Triangles and Polygons Usage
Be savvy with number of triangles used
Use the least amount triangles possible (just enough to get the quality required)
- Fewer triangles helps boost performance.
- This should be one of the first things to keep in mind when creating content for a mobile platform.
- This is because fewer triangles mean fewer vertices to be processed by the GPU.
- Processing vertices is expensive, the fewer the number of vertices that get processed the better it is for overall performance.
- Having fewer triangles will enable the release of the game on more devices, not just the latest devices that have the most powerful GPUs.
- This is due to GPU support for 32 bit indices is not guaranteed on all platforms; for example Android devices with Mali-400 GPU do not support them. When we go beyond this number, the mesh will not render.
View/test game on target device instead of PC monitor screen.
- Some of the details that are created (with lots of triangles) might not even be visible on the phone.
Use more triangles on foreground object (closer to camera) and less on background.
- A game with a static camera POV (point of view) will benefit more by implementing this.
There are no hard numbers for maximum triangle count per model, as this depends on many factors.
- An example of this is the number of objects visible at a time in game. Many objects means the need to have a lower triangle count, if there are only 2 or 3 objects at a time we can go higher number. The example below shows characters from two demos. The Circuit VR demo only has 1 robot character, so we can go with a higher polycount, while the Armies demo has hundreds of soldiers in 1 frame so it is clear that it needs to be very low poly.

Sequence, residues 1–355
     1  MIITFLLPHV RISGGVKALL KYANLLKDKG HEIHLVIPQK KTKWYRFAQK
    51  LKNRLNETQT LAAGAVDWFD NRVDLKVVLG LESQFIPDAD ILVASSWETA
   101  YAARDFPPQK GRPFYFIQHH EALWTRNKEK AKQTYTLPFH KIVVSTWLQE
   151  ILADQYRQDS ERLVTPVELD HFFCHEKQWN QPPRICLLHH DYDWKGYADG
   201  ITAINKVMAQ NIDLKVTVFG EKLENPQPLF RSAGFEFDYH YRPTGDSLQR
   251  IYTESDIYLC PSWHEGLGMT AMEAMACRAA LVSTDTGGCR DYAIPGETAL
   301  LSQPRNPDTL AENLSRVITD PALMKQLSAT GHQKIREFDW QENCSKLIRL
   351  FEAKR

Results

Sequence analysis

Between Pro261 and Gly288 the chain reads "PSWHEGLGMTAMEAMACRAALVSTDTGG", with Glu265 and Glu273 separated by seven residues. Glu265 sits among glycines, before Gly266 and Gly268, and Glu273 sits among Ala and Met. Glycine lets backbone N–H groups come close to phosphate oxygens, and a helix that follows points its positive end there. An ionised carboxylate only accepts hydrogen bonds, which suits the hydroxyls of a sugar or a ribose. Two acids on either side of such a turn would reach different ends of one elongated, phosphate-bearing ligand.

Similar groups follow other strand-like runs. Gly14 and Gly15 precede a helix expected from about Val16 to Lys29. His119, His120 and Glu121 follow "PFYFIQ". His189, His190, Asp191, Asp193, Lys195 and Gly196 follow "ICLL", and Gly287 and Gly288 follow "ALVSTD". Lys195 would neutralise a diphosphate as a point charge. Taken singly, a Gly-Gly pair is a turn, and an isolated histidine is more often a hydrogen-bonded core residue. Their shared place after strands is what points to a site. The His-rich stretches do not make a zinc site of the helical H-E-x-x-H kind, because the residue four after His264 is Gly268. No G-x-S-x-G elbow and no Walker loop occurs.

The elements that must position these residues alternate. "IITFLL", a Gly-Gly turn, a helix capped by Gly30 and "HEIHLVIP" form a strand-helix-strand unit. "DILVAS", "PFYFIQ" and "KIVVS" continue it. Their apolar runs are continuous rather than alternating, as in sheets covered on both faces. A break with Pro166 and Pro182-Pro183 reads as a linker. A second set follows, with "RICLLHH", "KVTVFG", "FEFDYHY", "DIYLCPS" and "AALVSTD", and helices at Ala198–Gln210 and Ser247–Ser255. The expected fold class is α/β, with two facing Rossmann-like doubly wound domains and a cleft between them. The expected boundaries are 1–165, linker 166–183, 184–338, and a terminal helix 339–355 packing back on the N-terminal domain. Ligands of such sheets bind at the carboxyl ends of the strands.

- The target device also matters. Newer phones such as the newest Samsung Galaxy S series will be able to handle more complex geometry that an older mobile device.
- The target device also matters. Newer phone such as Galaxy S9, S10 will be able to handle more geometry that an S5.
Below is an example number of triangles on our tech demo. This is not meant to be a hard number guidelines as it entirely depends on type of game and target device.
- The Armies demo (64 bit mobile tech demo built in Unity), the camera is static with lots of animated characters. In total, each frame render around 210K triangles and this triangle count enable the demo to run at ~30 FPS stably.
- The largest object in the scene, the cannon tower is ~3000 triangles each as they are occupy big portion of the screen.
- Characters only use around 360 triangles, this is because there are so many of them and they are only going to be seen from a distance. From the users camera POV, they look fine.
Distribute triangles in areas that matter
Place triangles in areas that matter the most.
- Polygons (vertices) are very expensive on mobile platforms. By placing them in area that really contributes to visual quality of the game, we will not waste processing budget.
- Many small triangle details on a 3D object will not actually be visible on the games final screen, due to combination of a small phone screen size and placement of these 3D objects in the game level. This needs to be taken into consideration when creating details.
Focus on big shapes and forms that contribute to silhouette of the object instead of detail
- Use fewer triangles on the areas that are not seen very often from the camera POV. An example of this would be a bottom of a car or the back of a wardrobe.
- Avoid modelling small details using high density triangle meshes (use textures and normal maps for fine detail)